The recession was tough on biology graduates, and although the jobs market has improved for them - a lot - it's still not back to where it was a few years ago. If you want a career in biology research — and a lot of biology students do - you'll need to take a doctorate, so give some thought as to where you might do it and how you might fund it (the government still funds doctorates for good students). A lot of graduates also take 1 year Masters courses to specialise in this wide and deep subject - most students take a standard biology course for their first degree and then specialise in subjects like ecology, conservation or marine biology later. Hospitals, universities, biotech firms, zoos and nature reserves and clinical and scientific testing are common industries of employment for biology graduates.

What about your long term prospects?

Looking further ahead, below is a rough guide for what graduates went on to earn.

Biological and sport sciences

The graph shows median earnings of graduates who achieved a degree in this subject area one, three and five years after graduating from here.

£16k

£16k

£21k

£21k

£23k

£23k

Note: this data only looks at employees (and not those who are self-employed or also studying) and covers a broad sample of graduates and the various paths they've taken, which might not always be a direct result of their degree.

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This is what the university has told Ucas about the criteria they expect applicants to satisfy; some may be compulsory, others may be preferable.

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This is the percentage of applicants to this course who received an offer last year, through Ucas.

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This is what the university has told Ucas about the course. Use it to get a quick idea about what makes it unique compared to similar courses, elsewhere.

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Course location and department:

This is what the university has told Ucas about the course. Use it to get a quick idea about what makes it unique compared to similar courses, elsewhere.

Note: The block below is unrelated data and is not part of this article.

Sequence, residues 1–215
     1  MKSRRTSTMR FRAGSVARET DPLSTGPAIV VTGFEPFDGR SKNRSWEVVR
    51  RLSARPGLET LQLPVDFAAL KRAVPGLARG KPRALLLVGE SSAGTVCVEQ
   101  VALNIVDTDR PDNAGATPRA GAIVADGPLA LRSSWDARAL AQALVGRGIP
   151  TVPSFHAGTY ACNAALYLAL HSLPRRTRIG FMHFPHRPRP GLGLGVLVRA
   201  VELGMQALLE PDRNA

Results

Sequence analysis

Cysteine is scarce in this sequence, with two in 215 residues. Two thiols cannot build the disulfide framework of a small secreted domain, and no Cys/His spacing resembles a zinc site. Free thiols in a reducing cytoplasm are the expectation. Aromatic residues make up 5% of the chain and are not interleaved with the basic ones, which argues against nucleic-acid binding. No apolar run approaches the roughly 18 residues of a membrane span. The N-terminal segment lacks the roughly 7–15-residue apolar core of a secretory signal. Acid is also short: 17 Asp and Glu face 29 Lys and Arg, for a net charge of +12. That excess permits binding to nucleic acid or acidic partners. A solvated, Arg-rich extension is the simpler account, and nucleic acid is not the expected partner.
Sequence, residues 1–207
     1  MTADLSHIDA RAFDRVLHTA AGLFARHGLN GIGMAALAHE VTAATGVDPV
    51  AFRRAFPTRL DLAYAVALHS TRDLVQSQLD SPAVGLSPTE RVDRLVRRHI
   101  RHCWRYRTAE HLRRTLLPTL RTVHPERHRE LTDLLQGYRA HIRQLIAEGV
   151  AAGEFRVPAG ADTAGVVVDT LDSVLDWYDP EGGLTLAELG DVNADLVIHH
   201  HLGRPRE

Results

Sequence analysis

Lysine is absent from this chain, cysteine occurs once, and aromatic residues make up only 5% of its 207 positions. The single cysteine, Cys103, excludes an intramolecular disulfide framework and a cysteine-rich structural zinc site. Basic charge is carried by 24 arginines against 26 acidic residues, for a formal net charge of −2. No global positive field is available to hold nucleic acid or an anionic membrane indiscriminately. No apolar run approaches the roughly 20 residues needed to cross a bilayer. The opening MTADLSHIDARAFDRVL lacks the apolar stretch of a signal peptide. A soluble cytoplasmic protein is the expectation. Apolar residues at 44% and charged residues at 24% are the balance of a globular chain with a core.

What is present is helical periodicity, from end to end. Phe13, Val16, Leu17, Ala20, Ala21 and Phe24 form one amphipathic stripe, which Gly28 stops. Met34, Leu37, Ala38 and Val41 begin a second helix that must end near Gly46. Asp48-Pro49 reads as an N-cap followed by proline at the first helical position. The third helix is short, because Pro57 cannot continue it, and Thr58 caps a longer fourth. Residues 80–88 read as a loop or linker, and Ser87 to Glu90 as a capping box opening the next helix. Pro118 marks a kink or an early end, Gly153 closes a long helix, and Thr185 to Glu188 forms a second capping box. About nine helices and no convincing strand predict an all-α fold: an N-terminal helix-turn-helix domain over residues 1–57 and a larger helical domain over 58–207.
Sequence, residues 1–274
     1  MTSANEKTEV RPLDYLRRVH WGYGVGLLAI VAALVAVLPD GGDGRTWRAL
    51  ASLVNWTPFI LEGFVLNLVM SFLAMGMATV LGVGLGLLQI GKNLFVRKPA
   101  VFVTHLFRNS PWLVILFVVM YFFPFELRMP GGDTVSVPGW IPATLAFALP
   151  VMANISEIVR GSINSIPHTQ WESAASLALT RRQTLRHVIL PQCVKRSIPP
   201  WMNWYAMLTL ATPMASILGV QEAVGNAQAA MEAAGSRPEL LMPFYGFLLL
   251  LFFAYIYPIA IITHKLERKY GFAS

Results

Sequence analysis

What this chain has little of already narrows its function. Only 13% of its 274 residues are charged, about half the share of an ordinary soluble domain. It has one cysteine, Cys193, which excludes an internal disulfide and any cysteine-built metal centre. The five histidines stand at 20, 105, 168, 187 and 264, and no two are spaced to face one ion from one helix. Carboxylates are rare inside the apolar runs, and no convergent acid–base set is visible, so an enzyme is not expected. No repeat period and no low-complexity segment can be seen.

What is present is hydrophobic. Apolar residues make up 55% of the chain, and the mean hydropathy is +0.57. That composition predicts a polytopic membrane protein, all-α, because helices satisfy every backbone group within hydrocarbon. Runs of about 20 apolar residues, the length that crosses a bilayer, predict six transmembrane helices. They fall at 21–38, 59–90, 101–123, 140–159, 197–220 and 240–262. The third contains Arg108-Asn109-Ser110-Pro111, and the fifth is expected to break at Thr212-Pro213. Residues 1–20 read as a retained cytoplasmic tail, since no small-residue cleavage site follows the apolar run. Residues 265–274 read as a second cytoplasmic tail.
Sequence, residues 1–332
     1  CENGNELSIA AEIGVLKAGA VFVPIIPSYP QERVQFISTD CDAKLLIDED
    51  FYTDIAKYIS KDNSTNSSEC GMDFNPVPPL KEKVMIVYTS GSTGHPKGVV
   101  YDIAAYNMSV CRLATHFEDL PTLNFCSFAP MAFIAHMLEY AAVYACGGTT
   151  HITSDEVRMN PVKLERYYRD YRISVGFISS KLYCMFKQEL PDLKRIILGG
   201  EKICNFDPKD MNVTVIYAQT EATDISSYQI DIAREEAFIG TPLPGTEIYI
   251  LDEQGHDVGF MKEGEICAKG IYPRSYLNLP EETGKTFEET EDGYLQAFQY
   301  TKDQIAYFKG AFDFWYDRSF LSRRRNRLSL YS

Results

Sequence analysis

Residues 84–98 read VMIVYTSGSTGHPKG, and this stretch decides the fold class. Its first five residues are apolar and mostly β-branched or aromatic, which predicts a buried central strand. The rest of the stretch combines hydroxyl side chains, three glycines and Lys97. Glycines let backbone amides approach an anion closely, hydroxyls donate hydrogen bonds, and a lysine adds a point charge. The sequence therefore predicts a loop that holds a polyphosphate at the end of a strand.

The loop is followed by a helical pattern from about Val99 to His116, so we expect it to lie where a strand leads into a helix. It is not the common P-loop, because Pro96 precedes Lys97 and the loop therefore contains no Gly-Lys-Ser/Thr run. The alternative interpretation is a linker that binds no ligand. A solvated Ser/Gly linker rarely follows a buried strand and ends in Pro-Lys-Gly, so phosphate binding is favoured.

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Teaching Excellence Framework (TEF):

We've received this information from the Department for Education, via Ucas. This is how the university as a whole has been rated for its quality of teaching: gold silver or bronze. Note, not all universities have taken part in the TEF.

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This information comes from the National Student Survey, an annual student survey of final-year students. You can use this to see how satisfied students studying this subject area at this university, are (not the individual course).

We calculate a mean rating of all responses to indicate whether this is high, medium or low compared to the same subject area at other universities.

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This information is from the Higher Education Statistics Agency (HESA).

You can use this to get an idea of who you might share a lecture with and how they progressed in this subject, here. It's also worth comparing typical A-level subjects and grades students achieved with the current course entry requirements; similarities or differences here could indicate how flexible (or not) a university might be.

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Post-six month graduation stats:

This is from the Destinations of Leavers from Higher Education Survey, based on responses from graduates who studied the same subject area here.

It offers a snapshot of what grads went on to do six months later, what they were earning on average, and whether they felt their degree helped them obtain a 'graduate role'. We calculate a mean rating to indicate if this is high, medium or low compared to other universities.

Have a question about this info? Learn more here

Graduate field commentary:

The Higher Education Careers Services Unit have provided some further context for all graduates in this subject area, including details that numbers alone might not show

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The Longitudinal Educational Outcomes dataset combines HRMC earnings data with student records from the Higher Education Statistics Agency.

While there are lots of factors at play when it comes to your future earnings, use this as a rough timeline of what graduates in this subject area were earning on average one, three and five years later. Can you see a steady increase in salary, or did grads need some experience under their belt before seeing a nice bump up in their pay packet?

Have a question about this info? Learn more here